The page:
Whenever I point out potential bugs or how certain tests don't catch everything, I often get a response along the lines of "well they just needed to properly test for that and they would've caught the issue".
The answer here is simple: if you make assumptions based on a developer who writes perfect tests, then testing is irrelevant as such a perfect developer would never create a bug in the first place.
There's no way for any developer to know that a test suite is 100% complete. Developers simply write tests until they feel confident about the test results. If any bug pops up, the test suite gets expanded to cover for that bug in the future.
This means that the more complex a test becomes, the more likely you are to forget to test one of its many possible outcomes. This is why integration tests should not be your only line of defense: too complex to reasonably guarantee that every interaction or chain of events is tested.
Unit tests also have a cost: they bind more strongly to more of the public interfaces of objects in your prod code than integration tests do.
Since unit tests are tests of a unit's public contract, your observation is tautological. Of course your tests need to change when your tested object changes. This comes in two flavors:
- Changes to the logic will require you to add/update/remove unit tests to account for that new/updated/removed behavior.
- Changes to the contract without logic changes (= refactoring) will require the unit test to be refactored without changing the purpose of the tests themselves.
That's just unavoidable. And I'm not quite sure how ro why you'r asserting that this is a relevant excuse to skip writing unit tests. That's like saying you don't need to brush your teeth because combing your hair takes less time/effort.
The observation ("I comb my hair faster than I brush my teeth") might be correct but the conclusion ("Brushing my teeth can be skipped since it's less efficient") you're drawing from it is wrong.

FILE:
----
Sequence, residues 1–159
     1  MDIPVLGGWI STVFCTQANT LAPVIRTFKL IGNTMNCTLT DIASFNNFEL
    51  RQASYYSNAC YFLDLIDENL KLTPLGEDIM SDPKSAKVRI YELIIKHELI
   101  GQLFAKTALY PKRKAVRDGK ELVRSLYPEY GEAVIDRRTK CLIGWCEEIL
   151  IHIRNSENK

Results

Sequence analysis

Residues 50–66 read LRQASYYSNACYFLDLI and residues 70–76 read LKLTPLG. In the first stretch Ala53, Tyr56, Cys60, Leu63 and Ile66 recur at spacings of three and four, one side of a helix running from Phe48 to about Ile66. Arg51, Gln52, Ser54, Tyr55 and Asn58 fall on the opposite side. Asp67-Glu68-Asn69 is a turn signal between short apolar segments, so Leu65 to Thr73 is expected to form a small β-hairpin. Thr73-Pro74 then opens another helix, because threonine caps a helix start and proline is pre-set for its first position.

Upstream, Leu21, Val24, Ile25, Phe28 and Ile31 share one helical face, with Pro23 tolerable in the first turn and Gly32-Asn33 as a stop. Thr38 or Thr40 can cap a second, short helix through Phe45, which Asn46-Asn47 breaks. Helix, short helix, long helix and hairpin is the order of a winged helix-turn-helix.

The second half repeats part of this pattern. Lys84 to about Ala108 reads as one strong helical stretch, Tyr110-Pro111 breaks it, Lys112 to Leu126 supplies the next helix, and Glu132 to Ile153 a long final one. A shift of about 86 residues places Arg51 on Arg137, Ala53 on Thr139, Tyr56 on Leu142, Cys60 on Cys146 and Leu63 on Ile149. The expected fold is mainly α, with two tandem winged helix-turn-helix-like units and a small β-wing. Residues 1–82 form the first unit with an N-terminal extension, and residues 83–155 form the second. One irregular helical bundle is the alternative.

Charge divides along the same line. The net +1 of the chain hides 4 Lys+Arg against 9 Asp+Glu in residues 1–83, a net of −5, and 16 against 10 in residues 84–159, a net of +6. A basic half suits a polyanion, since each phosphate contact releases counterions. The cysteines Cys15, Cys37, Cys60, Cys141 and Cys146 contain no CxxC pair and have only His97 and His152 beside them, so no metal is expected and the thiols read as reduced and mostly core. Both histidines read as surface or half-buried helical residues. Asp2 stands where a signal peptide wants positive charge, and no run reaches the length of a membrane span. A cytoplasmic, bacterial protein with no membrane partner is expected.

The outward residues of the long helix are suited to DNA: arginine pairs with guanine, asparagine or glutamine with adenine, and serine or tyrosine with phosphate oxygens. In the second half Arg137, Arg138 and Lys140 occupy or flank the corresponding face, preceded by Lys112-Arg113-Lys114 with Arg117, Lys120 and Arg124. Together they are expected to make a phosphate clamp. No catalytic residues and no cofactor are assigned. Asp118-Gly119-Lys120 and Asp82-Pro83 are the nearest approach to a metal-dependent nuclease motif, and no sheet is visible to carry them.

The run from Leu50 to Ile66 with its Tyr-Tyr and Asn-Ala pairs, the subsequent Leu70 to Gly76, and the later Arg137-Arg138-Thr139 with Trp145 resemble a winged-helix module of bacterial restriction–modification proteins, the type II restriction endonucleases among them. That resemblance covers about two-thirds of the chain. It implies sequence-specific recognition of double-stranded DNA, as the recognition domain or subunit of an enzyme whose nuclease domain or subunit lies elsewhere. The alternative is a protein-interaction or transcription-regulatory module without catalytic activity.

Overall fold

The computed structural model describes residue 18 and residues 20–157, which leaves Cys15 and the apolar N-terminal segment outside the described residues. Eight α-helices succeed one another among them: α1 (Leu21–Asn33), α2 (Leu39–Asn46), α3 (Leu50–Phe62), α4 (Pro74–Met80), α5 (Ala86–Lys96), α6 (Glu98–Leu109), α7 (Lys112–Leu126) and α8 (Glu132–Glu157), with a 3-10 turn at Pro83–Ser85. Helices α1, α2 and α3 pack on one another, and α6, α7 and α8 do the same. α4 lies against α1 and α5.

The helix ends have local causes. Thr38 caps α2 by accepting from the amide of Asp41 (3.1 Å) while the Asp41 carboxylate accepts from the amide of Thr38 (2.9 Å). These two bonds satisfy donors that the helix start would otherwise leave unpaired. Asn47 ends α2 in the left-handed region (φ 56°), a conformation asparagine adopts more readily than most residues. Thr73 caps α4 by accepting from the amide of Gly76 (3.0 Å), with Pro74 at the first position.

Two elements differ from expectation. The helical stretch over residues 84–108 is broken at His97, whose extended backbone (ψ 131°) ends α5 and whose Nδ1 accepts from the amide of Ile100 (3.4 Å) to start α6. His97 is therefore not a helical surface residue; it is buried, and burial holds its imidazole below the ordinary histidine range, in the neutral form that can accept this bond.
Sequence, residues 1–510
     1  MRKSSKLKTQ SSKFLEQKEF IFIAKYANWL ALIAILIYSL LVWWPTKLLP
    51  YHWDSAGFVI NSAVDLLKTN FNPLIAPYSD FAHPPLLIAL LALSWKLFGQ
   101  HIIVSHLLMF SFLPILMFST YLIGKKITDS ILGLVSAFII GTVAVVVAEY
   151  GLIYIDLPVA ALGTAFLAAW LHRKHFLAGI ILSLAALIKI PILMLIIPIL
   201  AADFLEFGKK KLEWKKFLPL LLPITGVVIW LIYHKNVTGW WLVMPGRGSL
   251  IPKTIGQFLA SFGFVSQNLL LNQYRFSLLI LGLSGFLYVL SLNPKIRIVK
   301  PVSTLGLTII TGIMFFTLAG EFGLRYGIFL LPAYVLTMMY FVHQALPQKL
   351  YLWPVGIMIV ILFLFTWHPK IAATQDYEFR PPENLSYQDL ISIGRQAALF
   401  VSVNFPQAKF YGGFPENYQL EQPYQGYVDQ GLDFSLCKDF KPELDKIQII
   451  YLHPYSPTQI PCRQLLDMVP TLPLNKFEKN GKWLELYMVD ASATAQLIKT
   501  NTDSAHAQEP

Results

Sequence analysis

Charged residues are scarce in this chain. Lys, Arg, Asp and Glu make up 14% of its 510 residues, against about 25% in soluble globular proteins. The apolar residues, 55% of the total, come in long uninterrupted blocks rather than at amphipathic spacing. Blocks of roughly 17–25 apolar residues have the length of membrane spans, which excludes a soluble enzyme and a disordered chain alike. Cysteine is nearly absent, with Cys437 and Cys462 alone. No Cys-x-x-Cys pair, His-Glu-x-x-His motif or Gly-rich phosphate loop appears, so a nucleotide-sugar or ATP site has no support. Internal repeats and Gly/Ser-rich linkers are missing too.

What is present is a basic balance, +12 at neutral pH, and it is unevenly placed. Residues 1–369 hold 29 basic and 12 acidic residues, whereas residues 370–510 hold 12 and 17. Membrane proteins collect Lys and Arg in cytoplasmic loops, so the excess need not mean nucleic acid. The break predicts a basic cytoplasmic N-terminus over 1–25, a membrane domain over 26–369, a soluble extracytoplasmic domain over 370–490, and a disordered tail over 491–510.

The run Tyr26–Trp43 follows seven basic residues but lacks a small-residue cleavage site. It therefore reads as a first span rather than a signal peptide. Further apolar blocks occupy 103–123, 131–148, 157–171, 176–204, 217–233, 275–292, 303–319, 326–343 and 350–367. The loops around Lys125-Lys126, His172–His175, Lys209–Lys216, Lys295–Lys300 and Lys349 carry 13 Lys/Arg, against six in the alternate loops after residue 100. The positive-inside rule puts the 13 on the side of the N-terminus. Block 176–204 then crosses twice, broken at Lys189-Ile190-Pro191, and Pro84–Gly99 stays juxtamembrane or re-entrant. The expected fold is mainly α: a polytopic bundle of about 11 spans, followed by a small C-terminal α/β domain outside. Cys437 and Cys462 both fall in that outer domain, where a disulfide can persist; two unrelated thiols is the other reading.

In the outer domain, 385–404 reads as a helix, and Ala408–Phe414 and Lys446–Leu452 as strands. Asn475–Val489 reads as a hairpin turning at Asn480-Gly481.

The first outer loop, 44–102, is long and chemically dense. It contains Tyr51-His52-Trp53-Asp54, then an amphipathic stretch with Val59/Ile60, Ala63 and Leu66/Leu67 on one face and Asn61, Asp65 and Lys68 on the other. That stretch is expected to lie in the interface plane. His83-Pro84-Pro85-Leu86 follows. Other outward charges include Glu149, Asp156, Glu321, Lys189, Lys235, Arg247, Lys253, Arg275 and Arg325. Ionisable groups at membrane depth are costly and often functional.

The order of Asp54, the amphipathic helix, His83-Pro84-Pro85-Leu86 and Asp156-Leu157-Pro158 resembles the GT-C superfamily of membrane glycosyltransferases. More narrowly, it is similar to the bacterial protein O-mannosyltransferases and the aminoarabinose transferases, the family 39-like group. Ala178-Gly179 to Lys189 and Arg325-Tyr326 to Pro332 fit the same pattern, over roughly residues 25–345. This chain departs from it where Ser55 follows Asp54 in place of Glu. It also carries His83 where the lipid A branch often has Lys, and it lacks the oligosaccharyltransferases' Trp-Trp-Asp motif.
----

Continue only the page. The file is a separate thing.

While "public interface" is usually assumed to be synonymous for "rarely-changing," that's just not true.
Same reply here: your observation isn't wrong but the conclusion you're drawing from it ("we should skip unit tests") is wrong.
Removing Private Methods from the Class under Test
how a class with too many private methods is indicative that perhaps it's doing too much
That's a straightforward application of SRP and it is correct.
Note, though, that this is just a suggestion, i.e. one (or many) possible indications of there being an issue in your class. There is no set amount of private methods which guarantee that SRP is being violated and that would force you to abstract.
There is a strong tendency for SRP-violating classes to have a lot of varied distinct logic, which could be written in a monolithic function or could be subdivided into private logic. In either case, SRP is violated. Don't read too much into the "private method" part of the suggestion itself.
I find that following this advice leads me far into the scary IAbstractMetaFactoryStrategyProvider land. It's a scary land, where all the verbs are nouned in senseless ways. Naming things is hard, the names tend to (almost necessarily) become more long/descriptive (because there's so many classes in such a system, and they all need to be easily differentiated from each other), and evermore abstract (i.e. less related to the business entities).
How were you able to name these supposed private methods, and then struggle naming the classes which replace the private methods? Both of them needed a name that describes their function, so I don't get why you supposedly struggle with the latter and not the former.
Also, nomenclature requires some skill/experience on the one hand (because it helps you separate the correct distinct responsibilities), but also requires you to understand the problem you're trying to solve.
If you're struggling to come up with a name for some piece of logic that you clearly just decided needs to live on its own in its own class, then I think you're either abstracting the wrong thing or you haven't understood your abstraction well enough to understand its purpose (and thus the name it should receive based on that purpose).